Start The Music: Accessible Festivals Are A Reality

the Accessible Festivals team

It’s summer, which also means it’s Music Festival Season, and last week a coworker at the LightHouse sent me a Salon.com article which I read with great interest. It was called: “‘You are not welcome here’: At concerts and music festivals, fans with disabilities are too often shut out, endangered and ignored.”.

As a blind/low vision person who makes music, wrote about it for a living, and has attended dozens of music festivals, I was eager to compare my own experience of concert-going with the author of the piece. As it turns out, she is a good enough writer, with optimism for an inclusive future, but the overall tone of the piece (most notably the title) greatly misrepresents the reality of the situation, and discredits how far musical events have come in the 25 years since the passage of the ADA.

The last several years in particular have seen tons of progress in the accessibility of music festivals, and if you read further, you may be convinced that, even if you’re completely blind, there is a place for you on the polo fields of Coachella, the ferris wheel of Treasure Island, or the foggy enclaves of Outside Lands.

First, it’s important to dispel the misattributions that support the Salon.com article. In the story, the author details several circumstances in which she was discriminated against as a disabled concert-goer: a parking attendant refused her a handicapped spot, an usher scowled and denied her an elevator, and so on. These instances are certainly regrettable, but to be bluntly honest, the problem does not actually seem to be with the venues themselves — which were equipped with said facilities — but are in fact caused by a lack of communication between humans.

If you have a so-called “invisible” disability, such problems will plague you not just at concerts and music festivals but literally everywhere you go — unless you come prepared with a communication device. Even if it’s just a little 10-second speech, well-rehearsed and easy to understand, you need to have a believable way of informing people of your situation. As blind and visually impaired individuals, we are fortunate to have the white cane, which accomplishes all of this crucial communication in a single sighted glance. And in all my experience at music festivals around the country, I have not only never been treated poorly with the cane, but I’d even argue that my experience was even better than most.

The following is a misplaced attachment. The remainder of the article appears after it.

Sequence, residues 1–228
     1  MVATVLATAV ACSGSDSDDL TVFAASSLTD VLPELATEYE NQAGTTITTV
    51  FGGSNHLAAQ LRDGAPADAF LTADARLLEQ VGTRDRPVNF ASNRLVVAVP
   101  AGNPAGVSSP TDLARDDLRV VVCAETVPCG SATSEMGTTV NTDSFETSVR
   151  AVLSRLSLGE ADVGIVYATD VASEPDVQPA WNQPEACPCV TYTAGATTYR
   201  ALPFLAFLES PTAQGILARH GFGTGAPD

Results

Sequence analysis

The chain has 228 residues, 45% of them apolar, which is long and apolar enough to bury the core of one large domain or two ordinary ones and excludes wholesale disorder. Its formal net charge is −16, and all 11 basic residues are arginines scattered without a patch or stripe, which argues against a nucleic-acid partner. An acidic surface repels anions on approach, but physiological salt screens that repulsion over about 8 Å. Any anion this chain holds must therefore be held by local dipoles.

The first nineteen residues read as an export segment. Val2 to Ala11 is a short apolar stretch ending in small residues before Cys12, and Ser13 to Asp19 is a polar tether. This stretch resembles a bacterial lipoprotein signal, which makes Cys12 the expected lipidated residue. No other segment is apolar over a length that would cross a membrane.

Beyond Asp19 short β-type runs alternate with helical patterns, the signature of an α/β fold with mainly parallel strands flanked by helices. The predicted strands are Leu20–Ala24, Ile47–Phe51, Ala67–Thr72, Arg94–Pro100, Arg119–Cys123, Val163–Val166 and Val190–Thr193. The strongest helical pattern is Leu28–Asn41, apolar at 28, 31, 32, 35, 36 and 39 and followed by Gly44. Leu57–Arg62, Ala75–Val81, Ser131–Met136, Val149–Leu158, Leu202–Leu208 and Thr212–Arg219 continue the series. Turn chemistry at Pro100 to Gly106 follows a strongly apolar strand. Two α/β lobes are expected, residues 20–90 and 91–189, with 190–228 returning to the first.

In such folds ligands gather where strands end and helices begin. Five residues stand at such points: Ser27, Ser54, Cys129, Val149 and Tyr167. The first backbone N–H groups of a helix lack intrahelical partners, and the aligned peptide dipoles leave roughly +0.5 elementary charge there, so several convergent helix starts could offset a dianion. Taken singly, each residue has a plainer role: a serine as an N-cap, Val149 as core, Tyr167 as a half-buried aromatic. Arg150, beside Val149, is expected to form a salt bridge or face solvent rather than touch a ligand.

But it’s not just about blind people having a particular advantage. Austin Whitney, a law student at UC Berkeley and paraplegic since 2007, founded Accessible Festivals in 2014 specifically to ensure that people with disabilities — any disability you can imagine — are accommodated appropriately at music festivals in America and all over the world. Whitney first worked as a consultant, starting with Goldenvoice (who put on events such as Coachella and Hangout Fest), and eventually realized that his skills were not only useful, but in high demand. Now he works year-round in addition to attending law school, and employs dozens of people at individual events across the country, particularly in summer months.

Talking to Whitney, he says that the range of disability that he and his team can accommodate is only expanding. “It’s everything from 18 year olds with a temporary disability like a broken leg to 90 year olds with an air tank,” he said. Other disabilities also include dietary considerations, physical and mental differences, as well as deafness and visual disabilities. “90% of my work is just problem solving,” Whitney says, “It’s just talking to people one-on-one. What are the problems, how can we mitigate them, how can we make this work for you?”